"Don't let the light go out, it's lasted for so many years" sang Peter, Paul and Mary in "Light One Candle," my favorite Hanukkah song.
In late December 1948, my parents said a very special Shehecheyanu prayer, thanking God for enabling them to reach this day, as they lit the Hanukkah candles in the Displaced Persons camp of Bergen-Belsen in Germany.
Barely five years after their entire families had been murdered in the gas chambers of Auschwitz, they could not truly thank God for granting them life or for sustaining them as part of the small surviving remnant of European Jewry that had emerged from the Holocaust. Too many faces were missing their parents, their siblings, my mother's first husband and her five-and-a-half year old son, my father's first wife and her daughter.
But for the first time, they were celebrating the festival of lights with their son I was then almost eight months old and their focus must have been on this moment of rebirth, of renewal. Their Shehecheyanu, I suspect, was in large part for me seeing the burning Hanukkah candles for the first time, with no memories of the past, of death and destruction, of other flames.
Fast forward 61 one years.
On the first night of Hanukkah, 2009, a display for a fragile Torah scroll which was brought from Hamburg, Germany, to the United States in 1939 by Rabbi Alfred Veis is dedicated at Congregation Ohabai Sholom in Nashville, Tennessee.
Two days later, my wife Jeanie and I attend a memorial service for Rabbi Alfred Gottschalk, the long-time President and Chancellor of the Reform Movement's Hebrew Union College-Jewish Institute of Religion who fled Nazi Germany as a nine-year-old boy and who died three months ago. On the sixth night of Hanukkah, I am in the Grand Foyer of the White House together with several hundred other American Jews as the children of Commander Scott Moran, a U.S. Navy officer presently deployed in Iraq, light the candles on a 19th-century silver Hanukkah menorah on loan from the Jewish Museum in Prague.
Standing beside them are President Barack Obama, First Lady Michelle Obama, and Vice President Joe Biden. Hanukkah, President Obama tells us, "was a triumph of the few over the many; of right over might; of the light of freedom over the darkness of despair."
He recalls how over the centuries "Jews have lit the Hanukkah candles as symbols of resilience in times of peace, and in times of persecution in concentration camps and ghettos; war zones and unfamiliar lands. Their light inspires us to hope beyond hope; to believe that miracles are possible even in the darkest of hours."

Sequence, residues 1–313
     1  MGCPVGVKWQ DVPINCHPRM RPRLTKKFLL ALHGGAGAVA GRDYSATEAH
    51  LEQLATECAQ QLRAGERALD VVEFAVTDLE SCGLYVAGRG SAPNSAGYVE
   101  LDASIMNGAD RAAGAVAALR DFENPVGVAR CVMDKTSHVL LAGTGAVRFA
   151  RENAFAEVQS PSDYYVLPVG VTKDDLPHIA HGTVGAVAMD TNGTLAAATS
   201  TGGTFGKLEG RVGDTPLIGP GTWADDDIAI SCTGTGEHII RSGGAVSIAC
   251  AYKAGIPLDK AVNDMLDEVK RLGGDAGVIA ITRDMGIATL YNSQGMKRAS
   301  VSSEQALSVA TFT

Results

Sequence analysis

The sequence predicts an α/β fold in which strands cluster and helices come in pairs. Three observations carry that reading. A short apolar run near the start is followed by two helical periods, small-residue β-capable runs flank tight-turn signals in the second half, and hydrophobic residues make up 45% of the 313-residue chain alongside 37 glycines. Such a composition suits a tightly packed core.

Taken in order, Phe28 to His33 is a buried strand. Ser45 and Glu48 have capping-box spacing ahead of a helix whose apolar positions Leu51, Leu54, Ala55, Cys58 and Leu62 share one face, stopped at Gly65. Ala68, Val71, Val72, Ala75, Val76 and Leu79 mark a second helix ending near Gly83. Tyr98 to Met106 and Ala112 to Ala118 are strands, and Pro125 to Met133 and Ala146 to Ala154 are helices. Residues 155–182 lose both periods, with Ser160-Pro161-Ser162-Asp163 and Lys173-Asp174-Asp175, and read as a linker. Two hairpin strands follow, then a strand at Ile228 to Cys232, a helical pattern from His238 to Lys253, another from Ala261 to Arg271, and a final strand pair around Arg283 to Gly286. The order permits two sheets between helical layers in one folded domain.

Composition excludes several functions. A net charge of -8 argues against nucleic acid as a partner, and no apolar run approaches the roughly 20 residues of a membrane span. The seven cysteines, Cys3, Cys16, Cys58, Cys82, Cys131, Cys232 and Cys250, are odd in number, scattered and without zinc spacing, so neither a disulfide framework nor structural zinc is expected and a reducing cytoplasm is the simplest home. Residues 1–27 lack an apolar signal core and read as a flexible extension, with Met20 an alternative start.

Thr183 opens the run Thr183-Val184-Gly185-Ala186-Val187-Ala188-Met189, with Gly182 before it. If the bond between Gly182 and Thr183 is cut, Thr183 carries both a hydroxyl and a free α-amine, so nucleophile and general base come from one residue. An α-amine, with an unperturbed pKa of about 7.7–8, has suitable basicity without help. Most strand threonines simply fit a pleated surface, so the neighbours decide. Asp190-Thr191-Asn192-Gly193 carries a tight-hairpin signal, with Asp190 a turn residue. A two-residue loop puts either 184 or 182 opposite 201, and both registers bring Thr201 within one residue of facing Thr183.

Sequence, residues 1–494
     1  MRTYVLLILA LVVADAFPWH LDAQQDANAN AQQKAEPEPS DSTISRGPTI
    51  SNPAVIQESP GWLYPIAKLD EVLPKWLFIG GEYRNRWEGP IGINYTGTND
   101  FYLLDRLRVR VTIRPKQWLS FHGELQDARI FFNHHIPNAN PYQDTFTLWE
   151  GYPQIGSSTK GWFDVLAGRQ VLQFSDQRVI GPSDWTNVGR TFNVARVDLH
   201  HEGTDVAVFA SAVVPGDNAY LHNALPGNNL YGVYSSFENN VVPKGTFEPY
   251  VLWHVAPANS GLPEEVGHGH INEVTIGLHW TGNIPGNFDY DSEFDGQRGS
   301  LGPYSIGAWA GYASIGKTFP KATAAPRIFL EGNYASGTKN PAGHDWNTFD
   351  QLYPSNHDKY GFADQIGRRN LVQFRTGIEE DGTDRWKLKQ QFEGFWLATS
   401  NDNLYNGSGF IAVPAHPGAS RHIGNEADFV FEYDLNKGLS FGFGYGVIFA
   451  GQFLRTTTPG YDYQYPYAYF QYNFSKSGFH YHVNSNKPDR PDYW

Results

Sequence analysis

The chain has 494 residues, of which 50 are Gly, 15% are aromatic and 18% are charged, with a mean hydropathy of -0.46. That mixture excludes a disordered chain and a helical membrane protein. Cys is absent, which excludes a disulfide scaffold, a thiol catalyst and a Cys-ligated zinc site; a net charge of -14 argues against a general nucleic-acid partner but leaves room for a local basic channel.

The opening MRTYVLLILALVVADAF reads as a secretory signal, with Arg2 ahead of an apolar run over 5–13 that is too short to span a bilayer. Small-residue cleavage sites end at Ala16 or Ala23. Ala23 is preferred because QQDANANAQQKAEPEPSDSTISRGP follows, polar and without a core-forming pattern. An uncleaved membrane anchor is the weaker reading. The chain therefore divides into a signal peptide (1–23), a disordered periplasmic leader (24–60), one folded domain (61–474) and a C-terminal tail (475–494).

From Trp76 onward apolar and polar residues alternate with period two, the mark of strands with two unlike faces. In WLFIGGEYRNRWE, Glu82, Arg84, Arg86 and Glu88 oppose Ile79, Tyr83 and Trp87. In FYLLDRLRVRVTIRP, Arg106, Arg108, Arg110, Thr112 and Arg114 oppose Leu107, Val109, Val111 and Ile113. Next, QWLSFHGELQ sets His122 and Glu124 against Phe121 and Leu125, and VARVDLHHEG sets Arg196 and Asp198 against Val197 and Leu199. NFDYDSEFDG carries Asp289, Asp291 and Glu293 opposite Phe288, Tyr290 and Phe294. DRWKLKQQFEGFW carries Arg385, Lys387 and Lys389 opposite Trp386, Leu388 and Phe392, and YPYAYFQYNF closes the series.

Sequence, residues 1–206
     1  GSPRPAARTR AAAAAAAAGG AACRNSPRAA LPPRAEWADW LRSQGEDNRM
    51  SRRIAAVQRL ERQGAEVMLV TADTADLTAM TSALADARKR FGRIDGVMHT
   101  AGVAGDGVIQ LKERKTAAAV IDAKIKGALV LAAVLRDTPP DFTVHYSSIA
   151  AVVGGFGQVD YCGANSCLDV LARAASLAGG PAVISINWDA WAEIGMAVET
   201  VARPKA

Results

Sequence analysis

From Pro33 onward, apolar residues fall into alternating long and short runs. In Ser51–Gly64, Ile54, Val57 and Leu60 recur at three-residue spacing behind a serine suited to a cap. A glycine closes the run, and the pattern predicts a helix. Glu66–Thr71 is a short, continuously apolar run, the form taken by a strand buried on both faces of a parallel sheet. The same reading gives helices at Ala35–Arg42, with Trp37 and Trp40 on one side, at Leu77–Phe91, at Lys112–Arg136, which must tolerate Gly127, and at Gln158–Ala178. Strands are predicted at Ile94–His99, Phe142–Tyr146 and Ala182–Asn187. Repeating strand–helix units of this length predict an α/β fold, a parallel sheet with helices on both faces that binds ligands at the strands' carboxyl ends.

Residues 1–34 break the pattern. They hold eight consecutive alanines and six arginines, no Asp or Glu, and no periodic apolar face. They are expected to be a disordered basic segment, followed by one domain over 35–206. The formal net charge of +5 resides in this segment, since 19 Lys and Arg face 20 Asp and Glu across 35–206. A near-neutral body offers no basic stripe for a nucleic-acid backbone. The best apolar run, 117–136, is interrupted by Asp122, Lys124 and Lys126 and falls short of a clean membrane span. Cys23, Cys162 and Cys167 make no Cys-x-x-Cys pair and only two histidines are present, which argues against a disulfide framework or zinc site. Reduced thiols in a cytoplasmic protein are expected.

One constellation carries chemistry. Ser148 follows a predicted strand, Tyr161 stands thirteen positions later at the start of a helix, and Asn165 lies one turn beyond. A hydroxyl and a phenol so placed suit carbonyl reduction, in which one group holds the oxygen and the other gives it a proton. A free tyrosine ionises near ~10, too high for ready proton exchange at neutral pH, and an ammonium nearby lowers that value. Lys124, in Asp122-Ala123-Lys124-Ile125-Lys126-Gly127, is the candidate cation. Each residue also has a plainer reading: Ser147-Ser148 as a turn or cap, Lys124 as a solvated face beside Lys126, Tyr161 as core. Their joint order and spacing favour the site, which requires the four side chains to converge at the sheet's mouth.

During the few moments I am able to speak with President Obama afterwards, he tells me of his deep admiration and affection for Nobel Peace Prize laureate Elie Wiesel who had accompanied him to Buchenwald earlier this year.
"Light one candle for the strength that we need to never become our own foe," goes another verse from "Light One Candle."
Following the ceremony, a group of us gather in one of the adjoining rooms, surrounded by Christmas wreaths, for the evening Ma'ariv service.
Rabbi Avraham Shemtov, the head of the international umbrella organization of the Chabad-Lubavitch Hasidim, prays alongside Rabbi Eric Yoffie, the President of the Union for Reform Judaism. Elsewhere, members of the liberal, peace-oriented J Street advocacy group are engaged in intense conversations with leaders of AIPAC, the more conservative pro-Israel lobby.
In the Bergen-Belsen Displaced Persons camp, the Jewish survivors of the Holocaust, religious and secular, Yiddishists and Hebraists, lived and struggled together, as did Zionists covering the broad political spectrum from left to right who coexisted easily with non-Zionists.
They understood that they had suffered a shared fate and faced a common future. In the White House this week, Jewish leaders of all stripes and denominations seemed to let go of their differences, if only for a few hours, and revel in the freedom and dignity of America.
"Light one candle to find us together with peace as the song in our hearts."
On the flight back to New York, I sit beside a stranger and we begin talking. He is David Vise, the Pulitzer Prize-winning former Washington Post reporter. His grandfather was Rabbi Alfred Veis of Nashville, Tennessee. In 1939, David's father came to the United States from Germany on the same boat as Alfred Gottschalk, and the two became good friends.
"Don't let the light go out, let it shine through our love and our tears."
Menachem Rosensaft is adjunct professor of law at Cornell Law School and vice president of the American Gathering of Jewish Holocaust Survivors and Their Descendants